“In a child or a flower or a tree we are all aware that when there is no growth there is something wrong. Healthy life . . . will always show itself by progress and increase. It is just the same with our souls.” (Ryle, Holiness, 84)
Sometimes the gravest oversight is made of the mot important Christian virtue: love. Jesus said, “By this all people will know that you are my disciples, if you have love for one another” (John 13:35).
Love is unselfish
First, love is unselfish. Too many relationships today are sufferig from the same sickness: they are built on the bedrock of selfish expectations. Love, however, isn’t meant to receive form its relationships; it’s meant to give to the beloved. If you and I orchestrate our relationships to serve us, then we’re missing the point of the greatest Christian virtue. If our “loves” only help us, then is what we possess really love at all?
Love is priority
Paul once wrote, “So now faith, hope, and love abide, these three; but the greatest of these is love” (1 Corinthians 13:13). This verse is more than a wedding Scripture. It’s a verse that places priority above ability, above talent, even above one’s faith in God if one’s love isn’t for that same God. The way we think about God, the way we talk about other people, the way we organize our lives — all of these things should be baptized in love, because love is a Christian priority.
Love is sacrificial
If we learn anything about love from the Father and Jesus, it’s that love is sacrificial and giving. John 3:16 says, “God so loved the world that he gave. . . .” In another place, Jesus Himself says, “The Son of Man came not to be served but to serve, and to give his life as a ransom . . .” (Mark 10:45). Is our love sacrificial? Is our love giving? If it is more blessed to give than to receive (Acts 20:35), are we shying away from hoarding God’s blessings so that we can bless others?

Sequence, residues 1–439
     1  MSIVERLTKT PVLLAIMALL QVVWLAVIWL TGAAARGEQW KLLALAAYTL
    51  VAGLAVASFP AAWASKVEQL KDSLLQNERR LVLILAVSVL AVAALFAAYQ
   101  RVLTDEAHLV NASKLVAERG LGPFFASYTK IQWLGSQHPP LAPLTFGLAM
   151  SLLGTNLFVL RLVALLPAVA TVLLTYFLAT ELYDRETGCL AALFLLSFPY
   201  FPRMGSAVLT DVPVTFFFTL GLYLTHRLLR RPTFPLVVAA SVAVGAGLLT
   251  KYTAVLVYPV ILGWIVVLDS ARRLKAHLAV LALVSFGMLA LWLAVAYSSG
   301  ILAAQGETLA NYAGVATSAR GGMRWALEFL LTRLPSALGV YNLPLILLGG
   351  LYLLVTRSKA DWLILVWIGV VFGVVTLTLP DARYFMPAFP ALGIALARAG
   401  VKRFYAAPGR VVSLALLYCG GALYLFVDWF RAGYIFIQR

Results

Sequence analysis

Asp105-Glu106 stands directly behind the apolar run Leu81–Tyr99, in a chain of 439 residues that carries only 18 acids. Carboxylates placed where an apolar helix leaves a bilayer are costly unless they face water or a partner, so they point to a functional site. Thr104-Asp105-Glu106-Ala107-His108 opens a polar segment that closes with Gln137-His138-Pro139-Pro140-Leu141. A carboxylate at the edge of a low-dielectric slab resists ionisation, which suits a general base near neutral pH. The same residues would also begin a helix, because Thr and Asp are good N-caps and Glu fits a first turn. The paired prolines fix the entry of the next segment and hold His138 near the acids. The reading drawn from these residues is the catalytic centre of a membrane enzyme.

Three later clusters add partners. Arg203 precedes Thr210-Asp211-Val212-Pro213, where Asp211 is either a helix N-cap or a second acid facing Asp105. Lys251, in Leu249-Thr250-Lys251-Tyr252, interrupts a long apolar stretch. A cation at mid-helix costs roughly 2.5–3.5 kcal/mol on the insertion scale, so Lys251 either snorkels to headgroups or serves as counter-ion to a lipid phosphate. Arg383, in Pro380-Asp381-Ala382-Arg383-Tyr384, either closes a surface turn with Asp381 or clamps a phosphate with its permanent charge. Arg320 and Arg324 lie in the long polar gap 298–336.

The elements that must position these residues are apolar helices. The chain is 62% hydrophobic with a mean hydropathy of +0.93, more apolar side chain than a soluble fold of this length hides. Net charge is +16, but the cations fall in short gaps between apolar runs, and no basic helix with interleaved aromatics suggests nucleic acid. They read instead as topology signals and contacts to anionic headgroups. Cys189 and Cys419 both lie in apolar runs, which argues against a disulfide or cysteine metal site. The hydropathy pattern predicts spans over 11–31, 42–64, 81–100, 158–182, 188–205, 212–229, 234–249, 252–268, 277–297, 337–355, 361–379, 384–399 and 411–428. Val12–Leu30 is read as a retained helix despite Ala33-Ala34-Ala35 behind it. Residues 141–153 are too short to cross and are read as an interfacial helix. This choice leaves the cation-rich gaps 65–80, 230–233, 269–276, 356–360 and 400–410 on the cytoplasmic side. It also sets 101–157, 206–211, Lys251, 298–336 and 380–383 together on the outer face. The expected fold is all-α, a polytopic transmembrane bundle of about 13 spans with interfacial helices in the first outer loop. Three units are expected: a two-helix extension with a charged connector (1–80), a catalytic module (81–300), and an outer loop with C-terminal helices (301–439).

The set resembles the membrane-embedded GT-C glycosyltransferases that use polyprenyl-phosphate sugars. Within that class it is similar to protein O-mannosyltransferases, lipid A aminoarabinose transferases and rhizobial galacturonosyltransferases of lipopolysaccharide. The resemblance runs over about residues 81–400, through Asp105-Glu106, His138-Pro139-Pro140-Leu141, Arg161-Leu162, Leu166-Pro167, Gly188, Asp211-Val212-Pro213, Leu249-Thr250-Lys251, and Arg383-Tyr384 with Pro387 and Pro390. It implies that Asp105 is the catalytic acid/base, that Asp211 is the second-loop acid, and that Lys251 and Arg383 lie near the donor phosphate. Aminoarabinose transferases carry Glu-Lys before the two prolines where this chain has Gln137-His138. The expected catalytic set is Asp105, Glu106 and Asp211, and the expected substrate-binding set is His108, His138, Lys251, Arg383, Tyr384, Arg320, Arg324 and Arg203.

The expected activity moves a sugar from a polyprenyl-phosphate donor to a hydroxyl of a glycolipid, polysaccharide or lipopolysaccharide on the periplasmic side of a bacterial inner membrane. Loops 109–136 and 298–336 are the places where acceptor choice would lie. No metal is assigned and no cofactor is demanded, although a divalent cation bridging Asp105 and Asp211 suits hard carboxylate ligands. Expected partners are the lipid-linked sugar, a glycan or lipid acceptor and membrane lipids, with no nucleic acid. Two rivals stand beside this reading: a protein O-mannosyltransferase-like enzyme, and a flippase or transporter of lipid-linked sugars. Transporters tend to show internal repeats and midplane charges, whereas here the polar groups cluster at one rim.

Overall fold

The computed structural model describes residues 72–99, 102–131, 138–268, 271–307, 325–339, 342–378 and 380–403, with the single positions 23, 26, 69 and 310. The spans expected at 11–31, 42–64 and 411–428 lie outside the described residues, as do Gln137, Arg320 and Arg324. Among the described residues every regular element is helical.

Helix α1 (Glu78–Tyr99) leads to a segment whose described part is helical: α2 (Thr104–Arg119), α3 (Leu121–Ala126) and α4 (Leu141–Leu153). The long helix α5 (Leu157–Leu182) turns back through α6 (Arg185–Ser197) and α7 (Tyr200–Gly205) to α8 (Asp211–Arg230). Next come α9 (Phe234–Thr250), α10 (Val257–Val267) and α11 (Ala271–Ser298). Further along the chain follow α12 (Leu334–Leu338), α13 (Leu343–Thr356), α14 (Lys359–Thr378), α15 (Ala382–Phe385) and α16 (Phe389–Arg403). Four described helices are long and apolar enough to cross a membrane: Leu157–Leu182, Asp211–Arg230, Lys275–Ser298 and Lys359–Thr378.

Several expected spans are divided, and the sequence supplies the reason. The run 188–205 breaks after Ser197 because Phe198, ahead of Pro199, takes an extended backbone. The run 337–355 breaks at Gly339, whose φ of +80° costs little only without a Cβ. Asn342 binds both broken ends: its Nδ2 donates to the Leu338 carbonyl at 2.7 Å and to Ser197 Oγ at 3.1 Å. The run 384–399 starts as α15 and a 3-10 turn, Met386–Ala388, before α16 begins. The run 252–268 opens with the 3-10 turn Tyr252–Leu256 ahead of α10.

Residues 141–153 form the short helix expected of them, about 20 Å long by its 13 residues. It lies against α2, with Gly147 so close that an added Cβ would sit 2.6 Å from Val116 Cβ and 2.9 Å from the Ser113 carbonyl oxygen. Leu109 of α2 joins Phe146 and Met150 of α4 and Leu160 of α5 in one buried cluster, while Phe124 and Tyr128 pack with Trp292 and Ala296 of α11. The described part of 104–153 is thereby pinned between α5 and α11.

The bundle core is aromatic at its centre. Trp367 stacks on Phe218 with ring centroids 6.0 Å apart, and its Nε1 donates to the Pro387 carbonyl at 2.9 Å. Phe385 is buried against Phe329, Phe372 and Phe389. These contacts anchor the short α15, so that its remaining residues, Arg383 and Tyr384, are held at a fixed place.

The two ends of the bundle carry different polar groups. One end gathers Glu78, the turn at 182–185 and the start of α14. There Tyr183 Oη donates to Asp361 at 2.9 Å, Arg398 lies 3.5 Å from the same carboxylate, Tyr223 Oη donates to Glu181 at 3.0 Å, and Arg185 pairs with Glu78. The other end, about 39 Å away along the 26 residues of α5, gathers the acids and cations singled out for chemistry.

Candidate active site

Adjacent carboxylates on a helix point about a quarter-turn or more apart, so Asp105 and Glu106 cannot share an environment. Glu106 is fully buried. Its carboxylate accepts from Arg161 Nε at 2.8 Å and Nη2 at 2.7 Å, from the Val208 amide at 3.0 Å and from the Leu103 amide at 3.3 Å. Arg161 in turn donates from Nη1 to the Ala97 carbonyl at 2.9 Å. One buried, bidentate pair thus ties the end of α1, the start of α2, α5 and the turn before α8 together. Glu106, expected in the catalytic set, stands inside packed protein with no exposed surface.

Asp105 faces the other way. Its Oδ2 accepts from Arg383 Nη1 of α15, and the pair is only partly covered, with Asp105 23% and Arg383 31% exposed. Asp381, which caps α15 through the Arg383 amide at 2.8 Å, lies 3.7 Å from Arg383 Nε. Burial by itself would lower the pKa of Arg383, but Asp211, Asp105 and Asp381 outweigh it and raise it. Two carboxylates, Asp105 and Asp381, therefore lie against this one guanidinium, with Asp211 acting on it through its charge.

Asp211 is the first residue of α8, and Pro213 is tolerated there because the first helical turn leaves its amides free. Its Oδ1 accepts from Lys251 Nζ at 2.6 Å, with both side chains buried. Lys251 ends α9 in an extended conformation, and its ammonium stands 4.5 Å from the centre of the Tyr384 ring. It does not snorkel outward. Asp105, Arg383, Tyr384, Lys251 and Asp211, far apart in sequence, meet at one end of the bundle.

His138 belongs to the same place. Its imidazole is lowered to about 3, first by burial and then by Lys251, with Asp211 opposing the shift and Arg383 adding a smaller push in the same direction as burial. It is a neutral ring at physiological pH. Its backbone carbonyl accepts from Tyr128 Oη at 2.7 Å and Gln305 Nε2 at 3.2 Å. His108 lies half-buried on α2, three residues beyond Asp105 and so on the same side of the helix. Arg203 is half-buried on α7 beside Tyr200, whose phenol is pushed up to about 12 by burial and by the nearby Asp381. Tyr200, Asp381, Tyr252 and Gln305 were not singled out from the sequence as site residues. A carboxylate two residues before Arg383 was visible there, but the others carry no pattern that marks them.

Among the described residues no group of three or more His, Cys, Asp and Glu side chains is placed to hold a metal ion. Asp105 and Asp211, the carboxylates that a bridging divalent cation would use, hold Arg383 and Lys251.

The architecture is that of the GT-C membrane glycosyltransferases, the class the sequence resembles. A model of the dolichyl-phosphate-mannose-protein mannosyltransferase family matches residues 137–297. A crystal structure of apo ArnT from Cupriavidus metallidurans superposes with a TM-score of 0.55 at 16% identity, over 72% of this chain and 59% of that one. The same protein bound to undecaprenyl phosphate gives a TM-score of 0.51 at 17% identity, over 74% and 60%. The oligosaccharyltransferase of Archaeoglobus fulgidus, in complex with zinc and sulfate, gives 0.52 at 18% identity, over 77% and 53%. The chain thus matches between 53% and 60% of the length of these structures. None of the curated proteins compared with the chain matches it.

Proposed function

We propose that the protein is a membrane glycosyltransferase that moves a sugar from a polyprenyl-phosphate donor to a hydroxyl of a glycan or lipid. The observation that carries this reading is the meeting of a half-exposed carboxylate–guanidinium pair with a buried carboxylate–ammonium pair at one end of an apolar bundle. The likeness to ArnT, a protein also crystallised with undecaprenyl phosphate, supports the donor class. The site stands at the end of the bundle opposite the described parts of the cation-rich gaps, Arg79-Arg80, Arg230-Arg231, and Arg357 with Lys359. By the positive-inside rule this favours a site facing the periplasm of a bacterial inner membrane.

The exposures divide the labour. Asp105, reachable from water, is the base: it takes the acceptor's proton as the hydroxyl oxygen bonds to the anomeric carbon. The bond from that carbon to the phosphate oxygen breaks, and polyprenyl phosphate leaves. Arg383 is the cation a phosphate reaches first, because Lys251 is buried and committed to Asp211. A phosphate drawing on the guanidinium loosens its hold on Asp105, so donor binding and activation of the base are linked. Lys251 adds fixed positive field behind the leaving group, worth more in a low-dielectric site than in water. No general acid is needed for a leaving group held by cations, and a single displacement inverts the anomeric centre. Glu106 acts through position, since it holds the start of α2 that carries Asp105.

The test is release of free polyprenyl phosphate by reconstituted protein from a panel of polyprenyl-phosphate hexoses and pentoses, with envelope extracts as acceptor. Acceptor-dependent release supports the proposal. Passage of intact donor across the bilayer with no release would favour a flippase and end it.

Love is passionate
Although the book of Revelation can be dicey, there are a number of clear lessons found in it. One of the lessons is on the importance of passionate love, especially for God. Jesus says to one church, “I have this against you, that you have abandoned the love you had at first.” And to another church, “You are neither hot nor cold” (Revelation 2:4; 3:15). Love, real love, is enduring and steadfast, even in the face of trial. If we’re to overcome mediocrity, we must have passionate love.
Hardly exhaustive! Let’s not forget that, for example, love is costly, transformative, and enlightening. But this is a good time for us to examine our lives and relationships. Are we loving, or do we simply enjoy being loved? Are we spreading and sharing the rich love that we’ve received from God? Or do we act as if we’re the only ones on this planet who actually deserve it? Let’s overcome!